I also love reading things written by those living with a rare disease. The work Muscular Dystrophy News Today is doing in sharing rare experiences is changing how rare communities are seen. I’ve learned much from people living with rare diseases and sharing their experiences. It gives me insight into how my three sons with DMD might feel.


Note: Muscular Dystrophy News Today is strictly a news and information website about the disease. It does not provide medical advice, diagnosis, or treatment. This content is not intended to be a substitute for professional medical advice, diagnosis, or treatment. Always seek the advice of your physician or another qualified health provider with any questions you may have regarding a medical condition. Never disregard professional medical advice or delay in seeking it because of something you have read on this website. The opinions expressed in this column are not those of Muscular Dystrophy News Today or its parent company, BioNews, and are intended to spark discussion about issues pertaining to muscular dystrophy.

Comments

Mikki Wyatt avatar

Mikki Wyatt

Hi! I'm so glad to find out about your story! I am the step-mom to my husband's two boys that have Duchenne Muscular Dystrophy. These two boys live with us. In all there were five boys with the diagnoses and then another son and two daughters who are carriers. (I have seven grown children on my own.) The second son of my husband's children passed away in 2015, right before he and I were married. The oldest then passed away in 2018 and then the third to the youngest (who used to live with us as well) passed away in 2020. The youngest two are 17 and 15. I would love to talk about differences and similarities. I love to hear what you have to say.

Reply
Lee Capalbo avatar

Lee Capalbo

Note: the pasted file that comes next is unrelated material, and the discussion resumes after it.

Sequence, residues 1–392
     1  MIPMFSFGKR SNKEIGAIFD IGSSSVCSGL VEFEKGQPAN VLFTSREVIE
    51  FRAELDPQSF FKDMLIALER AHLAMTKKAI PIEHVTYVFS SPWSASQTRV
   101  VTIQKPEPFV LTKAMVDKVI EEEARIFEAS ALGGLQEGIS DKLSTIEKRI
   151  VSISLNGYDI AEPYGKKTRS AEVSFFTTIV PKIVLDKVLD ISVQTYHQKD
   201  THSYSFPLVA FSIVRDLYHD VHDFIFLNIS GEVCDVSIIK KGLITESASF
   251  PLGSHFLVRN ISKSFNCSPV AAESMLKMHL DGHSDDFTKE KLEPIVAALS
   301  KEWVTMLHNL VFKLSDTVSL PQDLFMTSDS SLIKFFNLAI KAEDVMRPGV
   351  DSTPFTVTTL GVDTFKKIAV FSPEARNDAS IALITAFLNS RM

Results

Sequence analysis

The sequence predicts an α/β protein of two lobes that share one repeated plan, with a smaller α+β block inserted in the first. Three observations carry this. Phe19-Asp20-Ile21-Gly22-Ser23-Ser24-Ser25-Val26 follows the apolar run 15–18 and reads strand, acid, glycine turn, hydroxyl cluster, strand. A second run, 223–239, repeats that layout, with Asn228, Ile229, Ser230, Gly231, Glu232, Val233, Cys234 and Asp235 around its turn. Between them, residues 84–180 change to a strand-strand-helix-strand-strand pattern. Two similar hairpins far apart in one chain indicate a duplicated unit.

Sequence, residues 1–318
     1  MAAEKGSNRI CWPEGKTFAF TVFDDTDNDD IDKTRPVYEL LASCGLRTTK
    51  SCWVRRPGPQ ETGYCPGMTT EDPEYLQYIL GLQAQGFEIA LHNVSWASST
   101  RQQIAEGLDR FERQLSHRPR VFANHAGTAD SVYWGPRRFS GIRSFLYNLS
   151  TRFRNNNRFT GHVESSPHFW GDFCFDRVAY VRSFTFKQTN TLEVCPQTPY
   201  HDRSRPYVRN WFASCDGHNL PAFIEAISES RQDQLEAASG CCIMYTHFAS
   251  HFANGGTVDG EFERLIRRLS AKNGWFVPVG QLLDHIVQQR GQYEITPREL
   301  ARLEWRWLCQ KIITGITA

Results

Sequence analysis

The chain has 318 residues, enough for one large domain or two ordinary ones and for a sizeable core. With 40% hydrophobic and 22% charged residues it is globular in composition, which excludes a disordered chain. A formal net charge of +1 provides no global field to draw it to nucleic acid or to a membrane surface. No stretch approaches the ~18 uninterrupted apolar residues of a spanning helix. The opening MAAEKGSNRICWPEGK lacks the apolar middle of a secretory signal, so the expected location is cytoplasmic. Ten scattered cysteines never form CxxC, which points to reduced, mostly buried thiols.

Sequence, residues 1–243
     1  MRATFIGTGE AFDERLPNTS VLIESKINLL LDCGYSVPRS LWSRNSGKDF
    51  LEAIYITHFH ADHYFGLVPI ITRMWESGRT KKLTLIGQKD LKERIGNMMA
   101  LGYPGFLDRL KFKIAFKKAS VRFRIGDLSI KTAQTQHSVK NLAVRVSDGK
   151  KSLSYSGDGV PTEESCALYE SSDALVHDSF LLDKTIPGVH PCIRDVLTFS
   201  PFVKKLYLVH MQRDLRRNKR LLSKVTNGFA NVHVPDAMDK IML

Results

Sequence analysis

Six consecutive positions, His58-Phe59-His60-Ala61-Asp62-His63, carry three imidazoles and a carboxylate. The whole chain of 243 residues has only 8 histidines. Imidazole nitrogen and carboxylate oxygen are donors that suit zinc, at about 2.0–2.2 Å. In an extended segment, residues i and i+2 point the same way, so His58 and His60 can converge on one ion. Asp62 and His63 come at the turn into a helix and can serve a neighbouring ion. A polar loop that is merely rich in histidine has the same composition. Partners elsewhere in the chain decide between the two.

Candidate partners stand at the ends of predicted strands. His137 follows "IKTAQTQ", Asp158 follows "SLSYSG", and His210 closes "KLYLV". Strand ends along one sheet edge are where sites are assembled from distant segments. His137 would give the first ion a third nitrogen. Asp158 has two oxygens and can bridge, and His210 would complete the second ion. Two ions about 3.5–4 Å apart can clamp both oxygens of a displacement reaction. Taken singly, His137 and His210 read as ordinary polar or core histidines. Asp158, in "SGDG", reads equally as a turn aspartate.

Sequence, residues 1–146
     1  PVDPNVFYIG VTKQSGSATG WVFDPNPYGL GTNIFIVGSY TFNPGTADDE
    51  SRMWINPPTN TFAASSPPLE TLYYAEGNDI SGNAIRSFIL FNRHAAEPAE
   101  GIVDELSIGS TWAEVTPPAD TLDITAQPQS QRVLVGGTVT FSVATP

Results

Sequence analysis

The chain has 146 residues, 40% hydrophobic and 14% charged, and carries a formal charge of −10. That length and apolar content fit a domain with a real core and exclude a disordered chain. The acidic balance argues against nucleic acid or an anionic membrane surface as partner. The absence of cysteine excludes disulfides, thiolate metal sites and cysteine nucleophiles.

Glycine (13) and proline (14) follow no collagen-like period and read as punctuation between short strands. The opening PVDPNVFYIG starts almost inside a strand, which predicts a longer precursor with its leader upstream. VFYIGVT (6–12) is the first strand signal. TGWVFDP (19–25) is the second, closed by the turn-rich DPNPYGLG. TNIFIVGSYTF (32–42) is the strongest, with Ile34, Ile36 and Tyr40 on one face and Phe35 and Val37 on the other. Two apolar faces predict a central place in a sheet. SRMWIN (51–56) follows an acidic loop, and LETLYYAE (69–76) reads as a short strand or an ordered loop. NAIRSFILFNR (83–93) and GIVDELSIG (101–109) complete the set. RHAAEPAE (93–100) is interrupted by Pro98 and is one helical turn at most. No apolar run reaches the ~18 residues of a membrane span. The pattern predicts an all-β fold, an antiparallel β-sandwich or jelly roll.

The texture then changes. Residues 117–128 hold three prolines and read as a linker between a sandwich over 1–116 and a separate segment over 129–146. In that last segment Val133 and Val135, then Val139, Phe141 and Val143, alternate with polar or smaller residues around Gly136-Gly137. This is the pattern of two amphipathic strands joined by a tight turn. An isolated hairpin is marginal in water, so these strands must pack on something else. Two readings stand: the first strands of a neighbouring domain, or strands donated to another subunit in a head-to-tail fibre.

Thank you for sharing your stories. They are always so well written and inspiring. I have yet to post a comment on how I enjoy reading them, however this story has touched me more than usual. I have a late onset form of muscular dystrophy called OPMD. It is a slow progressive disease, effecting eyes, face, swallowing, and muscle weakness in arms and legs. I was diagnosed 8 years ago at 55 and am living in this prison of a body that is wasting away. I have two amazing daughters that are both married. One of them lives with me, along with her husband and my 2 grandchildren. While I am still somewhat independent, getting up from a chair, walking up and downstairs is nearly impossible without aid. I never dreamed this would happen as I was blessed to live a very athletic life. I don't want my children to take care of me as this worsens. Who could imagine this? A mother should take care of her children. I too am a Catholic and my sister says that this is my purgatory. Are all people with this disease in purgatory and their caregivers? I do feel that the people that love us and help us have a special place in God's eyes. Their own special door that will open, for you and people like you that show us love and take care of us daily. I wouldn't wish this disease on anyone; however, I pray every day for God's grace not to be a burden and be thankful for the blessings I have. My God continue to bless you and your family. Your writing is a charism. you are touching more lives that you realize. Be well.

Reply

Leave a comment

Fill in the required fields to post. Your email address will not be published.

Forums CTA